Amy Adams and Glenn Close try to emote their way out of this toothless piece of poverty tourism.
I didn’t hate Hillbilly Elegy, but then it’s difficult to hate a movie that so thoroughly lacks a point of view. J.D. Vance’s bestselling 2016 memoir on which the film is based has a very clear point of view, mainly that escaping poverty is simply a means of pulling yourself up by your bootstraps rather than succumbing to the “learned helplessness” of the welfare-dependent poor. I’m guessing the more liberal-minded Ron Howard wasn’t particularly keen on that thesis, but the notoriously nostalgia-obsessed director likely saw potential in the rosy, soft-focus celebration of the resilience of the salt-of-the-earth working class. And ultimately that’s all the film version of Hillbilly Elegy really is: a stereotype-reinforcing postcard of American poverty more interested in mining the misery of the rural working class for dramatic pathos than probing the underlying cause of that misery.
For a film titled Hillbilly Elegy the characters are surprisingly far-removed from the Appalachian geography they so proudly lay claim to. The young Vance, played by Owen Asztalos, is literally a tourist in the Kentucky hill country where his family visits every summer. His grandmother, Mamaw (Glenn Close), migrated to Ohio to escape the shame of a teenaged pregnancy, and the bulk of the film’s story takes place there. But being a hillbilly apparently runs in the blood no matter how far you travel, and Vance (played as an adult by Gabriel Basso) carries the pride of his heritage with him all the way to the stuffy, ivy-walled campus of Yale university.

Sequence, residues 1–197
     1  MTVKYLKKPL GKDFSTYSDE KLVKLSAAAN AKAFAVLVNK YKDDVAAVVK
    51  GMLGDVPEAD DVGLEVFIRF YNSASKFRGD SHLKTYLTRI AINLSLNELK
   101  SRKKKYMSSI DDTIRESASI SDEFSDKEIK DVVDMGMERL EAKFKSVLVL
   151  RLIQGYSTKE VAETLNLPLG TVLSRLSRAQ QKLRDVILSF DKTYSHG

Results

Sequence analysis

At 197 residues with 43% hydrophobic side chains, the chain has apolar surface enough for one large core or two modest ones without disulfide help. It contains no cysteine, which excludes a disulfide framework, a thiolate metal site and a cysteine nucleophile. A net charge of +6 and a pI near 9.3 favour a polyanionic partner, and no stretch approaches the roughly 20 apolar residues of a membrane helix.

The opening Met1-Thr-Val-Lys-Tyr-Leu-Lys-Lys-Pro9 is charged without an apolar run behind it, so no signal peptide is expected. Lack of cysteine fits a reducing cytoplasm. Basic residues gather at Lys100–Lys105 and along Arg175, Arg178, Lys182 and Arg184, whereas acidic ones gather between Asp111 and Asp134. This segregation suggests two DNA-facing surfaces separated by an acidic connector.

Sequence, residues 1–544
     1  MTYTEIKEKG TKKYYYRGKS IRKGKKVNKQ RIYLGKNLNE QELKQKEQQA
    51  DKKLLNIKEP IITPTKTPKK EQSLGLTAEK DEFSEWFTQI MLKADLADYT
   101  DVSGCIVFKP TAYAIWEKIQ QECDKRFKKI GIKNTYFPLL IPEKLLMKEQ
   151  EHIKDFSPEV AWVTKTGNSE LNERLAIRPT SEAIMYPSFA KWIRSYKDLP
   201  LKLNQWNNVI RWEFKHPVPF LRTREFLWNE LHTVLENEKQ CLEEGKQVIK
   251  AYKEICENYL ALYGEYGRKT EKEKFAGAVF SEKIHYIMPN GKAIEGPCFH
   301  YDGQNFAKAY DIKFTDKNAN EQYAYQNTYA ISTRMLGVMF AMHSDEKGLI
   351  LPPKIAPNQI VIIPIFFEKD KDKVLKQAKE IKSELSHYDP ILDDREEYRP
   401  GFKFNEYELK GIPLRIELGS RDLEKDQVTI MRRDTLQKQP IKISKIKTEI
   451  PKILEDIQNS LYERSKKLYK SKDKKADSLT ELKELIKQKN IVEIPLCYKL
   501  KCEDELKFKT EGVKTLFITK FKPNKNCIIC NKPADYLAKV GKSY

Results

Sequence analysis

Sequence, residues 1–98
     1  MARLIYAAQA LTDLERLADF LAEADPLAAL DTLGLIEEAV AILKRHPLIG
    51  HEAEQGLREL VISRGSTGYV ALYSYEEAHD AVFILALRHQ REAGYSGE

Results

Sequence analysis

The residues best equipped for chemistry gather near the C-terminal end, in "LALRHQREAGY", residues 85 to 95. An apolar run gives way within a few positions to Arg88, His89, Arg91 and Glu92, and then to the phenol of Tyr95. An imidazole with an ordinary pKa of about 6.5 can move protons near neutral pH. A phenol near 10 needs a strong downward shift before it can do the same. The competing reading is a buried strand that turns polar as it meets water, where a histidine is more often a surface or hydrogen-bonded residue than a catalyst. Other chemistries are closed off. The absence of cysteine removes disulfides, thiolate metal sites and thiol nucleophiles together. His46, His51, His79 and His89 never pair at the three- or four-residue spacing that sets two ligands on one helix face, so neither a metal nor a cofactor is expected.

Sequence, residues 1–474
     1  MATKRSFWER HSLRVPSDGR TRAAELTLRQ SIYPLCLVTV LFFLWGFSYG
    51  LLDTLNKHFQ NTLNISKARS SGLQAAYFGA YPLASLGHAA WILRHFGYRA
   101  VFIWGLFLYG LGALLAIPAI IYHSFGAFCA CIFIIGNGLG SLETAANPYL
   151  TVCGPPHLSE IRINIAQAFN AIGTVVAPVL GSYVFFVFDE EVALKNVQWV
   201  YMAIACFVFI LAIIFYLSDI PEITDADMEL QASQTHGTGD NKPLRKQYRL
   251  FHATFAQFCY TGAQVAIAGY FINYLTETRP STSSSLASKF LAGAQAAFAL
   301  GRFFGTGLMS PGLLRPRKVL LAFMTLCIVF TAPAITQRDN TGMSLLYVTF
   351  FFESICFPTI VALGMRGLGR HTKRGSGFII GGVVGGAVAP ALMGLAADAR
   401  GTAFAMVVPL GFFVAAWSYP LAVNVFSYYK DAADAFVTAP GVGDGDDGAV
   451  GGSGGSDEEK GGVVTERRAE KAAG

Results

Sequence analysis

Things seem to be going well for Vance in his quest for upward mobility, he’s interviewing for law internships and has a supportive girlfriend named Usha (Freida Pinto). But a call from his sister Lindsay (Haley Bennett) requires him to drop everything and drive back to Ohio — his mother has overdosed on heroin. This event triggers a series of flashbacks that follow Vance through his childhood growing up poor in rural Ohio, collectively raised by his mother, sister, and grandmother.
Vance’s mother Bev is played by Amy Adams, clearly gunning for an awards season run with her portrayal of an emotionally explosive opioid addict. The film has a disturbing tendency to conflate abuse with addiction, and addiction with mental illness. Based on her violent outbursts interchanged with moments of deep depression, Bev appears to be suffering from bipolar disorder. But in the film’s rush to move the plot along those symptoms get bundled up with the addiction to pain pills that comes to dominate her life. And that addiction is implied to be the root of the abuse Bev doles out to the children even as she herself is the victim of abuse. It’s all a pretty tangled tapestry of human misery that Adams tries desperately to emote her way into something resembling a real human being. Still, the scenes with Adams are at least interesting to watch as a bit of rust belt soap opera, and try as Basso might to humanize an otherwise milquetoast character the film is at its dullest when Vance is the focus.